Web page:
In the weeks before the Corporate Law took effect Monday, Izumiya Co. announced measures to prevent hostile takeovers, expecting the law’s provisions to encourage mergers and acquisitions.
Even before the law debuted, a number of high-profile hostile takeover bids attracted media attention, including Livedoor Co.’s attempt to buy Nippon Broadcasting System Inc. and the effort to acquire Hanshin Electric Railway Co. by M&A Consulting Inc., an investment fund led by Yoshiaki Murakami.
Izumiya, a midsize supermarket chain based in Osaka, has come up with a poison pill to deter unwanted buyers. It would empower the company to give existing shareholders the right to acquire new shares if a corporate raider tries to buy more than 20 percent of the firm’s shares. If exercised, this defense would dilute the voting rights of a hostile bidder by as much as 50 percent.
“Massive purchases of shares without consultation or the consent of management of a targeted company have increased in recent years, amid changes in laws and in the corporate structure and investment environment in our country’s capital market,” Izumiya said in a statement announcing its takeover defenses.
“The company’s board of directors’ meeting is going to introduce such defense plans against acquisition with a view to the (new) Corporate Law (that took effect May 1), presupposing (the board) gains approval from a shareholders’ meeting to be held May 24.”
Although Izumiya’s takeover defenses have yet to be tested, experts say the new law will make it easier for firms to carry out M&As.
Worries about the effect of the legal changes run deep. In fact, fears that big firms, particularly foreign companies with large market capitalization, might be tempted to swallow smaller rivals in Japan have delayed the law’s M&A provisions until next May 1, to give companies time to develop takeover defenses.
Under the new law, a subsidiary of a foreign company, for example, will be able to use shares in its parent to acquire a Japanese firm — a so-called triangular merger involving the three parties.
“M&As will definitely increase since the law makes it easier for companies to carry out mergers from next year,” said certified public accountant Shinya Yamada, author of “Tsumamigui Shin-Kaishaho” (“Tasting of the New Corporate Law”).
“Right now, when one company takes over another, it is only allowed to offer its shares to shareholders of the target company,” Yamada said. “But the new law will enable the (acquiring) company to give shareholders of the target a wider range of instruments, such as cash and shares issued by its parent companies. Anything goes under the new law.”
At the same time, the new law will enable bigger companies to reorganize their operations more flexibly at the management’s own discretion, Yamada said.
Under the new rules, one company will be allowed to acquire another whose net assets are worth 20 percent or less than its own without shareholder approval.
The law also affects relationships between affiliated companies. A parent company that holds 90 percent of its affiliate’s shares can acquire the affiliate outright without a vote by the affiliate’s shareholders.
The new law attempts to assuage worries of an M&A free-for-all. Companies are now allowed to issue various types of stock, including “golden shares” designed to provide friendly shareholders with the right to veto mergers.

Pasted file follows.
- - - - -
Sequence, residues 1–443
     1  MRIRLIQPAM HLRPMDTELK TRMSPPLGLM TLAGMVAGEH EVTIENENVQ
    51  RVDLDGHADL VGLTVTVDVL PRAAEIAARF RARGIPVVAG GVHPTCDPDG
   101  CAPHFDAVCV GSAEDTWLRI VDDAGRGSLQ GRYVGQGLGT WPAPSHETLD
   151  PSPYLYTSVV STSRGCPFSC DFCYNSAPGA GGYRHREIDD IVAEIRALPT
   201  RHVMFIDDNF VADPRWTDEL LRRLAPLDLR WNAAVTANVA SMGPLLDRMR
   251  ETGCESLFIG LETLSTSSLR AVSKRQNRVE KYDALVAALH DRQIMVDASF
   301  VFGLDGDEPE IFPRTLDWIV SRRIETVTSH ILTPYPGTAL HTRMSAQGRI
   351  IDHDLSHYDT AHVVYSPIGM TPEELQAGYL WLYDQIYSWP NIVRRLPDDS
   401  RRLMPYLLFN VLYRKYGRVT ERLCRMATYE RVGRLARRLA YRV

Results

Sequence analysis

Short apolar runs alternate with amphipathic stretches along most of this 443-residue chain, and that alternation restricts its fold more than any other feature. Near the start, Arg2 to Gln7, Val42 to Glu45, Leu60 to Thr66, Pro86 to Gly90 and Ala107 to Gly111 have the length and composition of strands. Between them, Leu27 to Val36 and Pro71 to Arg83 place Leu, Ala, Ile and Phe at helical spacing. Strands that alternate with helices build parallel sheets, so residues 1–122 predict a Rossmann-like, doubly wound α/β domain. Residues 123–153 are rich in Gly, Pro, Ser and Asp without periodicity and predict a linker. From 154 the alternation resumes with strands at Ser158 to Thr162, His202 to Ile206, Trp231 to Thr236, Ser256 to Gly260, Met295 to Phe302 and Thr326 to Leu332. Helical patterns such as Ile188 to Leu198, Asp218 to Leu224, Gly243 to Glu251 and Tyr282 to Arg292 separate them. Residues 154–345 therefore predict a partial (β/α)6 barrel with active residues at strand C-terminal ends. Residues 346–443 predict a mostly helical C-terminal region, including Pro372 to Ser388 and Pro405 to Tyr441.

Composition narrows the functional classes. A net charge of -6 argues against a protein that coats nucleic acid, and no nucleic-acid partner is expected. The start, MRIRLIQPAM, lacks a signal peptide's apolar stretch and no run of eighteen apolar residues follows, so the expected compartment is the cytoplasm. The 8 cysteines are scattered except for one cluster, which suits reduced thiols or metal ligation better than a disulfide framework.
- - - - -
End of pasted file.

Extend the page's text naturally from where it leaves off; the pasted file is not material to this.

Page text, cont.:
Experts point out, however, that there are restrictions on the issue of these special stocks because they can undermine the interests of shareholders if they are used to defend management.
“In theory, it is possible for a company to issue a greater variety of stocks to defend itself,” said lawyer Toru Nagasawa, who specializes in corporate judicial and M&A issues. “But in reality, it is difficult for a listed company to introduce such stocks as defensive measures because it will greatly affect the rights of existing shareholders.”
Such defenses could rob a company of the chance to improve its management and for its shareholders to enjoy a rise in the price of the company’s stock, Nagasawa said.
The Tokyo Stock Exchange has set strict conditions for companies to issue shares deemed a threat to the interests of shareholders.
“Therefore, the change does not mean the new Corporate Law enables (a company) to adopt an epoch-making defense plan, but rather (some) companies will find it easier to take over others,” Nagasawa said.
As long as management meets the expectations of shareholders, enhancing corporate value and promoting investor relations, share prices should rise and prevent a company from becoming a takeover target, he said.
The case of Hanshin Electric Railway is a prime example, according to Nakagawa. Because Hanshin neglected investor relations, the carrier was undervalued despite being well run. This exposed the railway to the takeover threat of the Murakami Fund, which found the price of Hanshin shares attractive.
“It is a very important duty for management to enhance corporate value, to thoroughly brief its investors and to attract sound shareholders who intend to hold the company’s shares for a long time,” Nakagawa said.
“The Corporate Law will offer an opportunity for management to change mind-sets and attach greater importance to enhancing corporate value and promoting investor relations to benefit shareholders, instead of defending a company for the sake of management’s own interests.”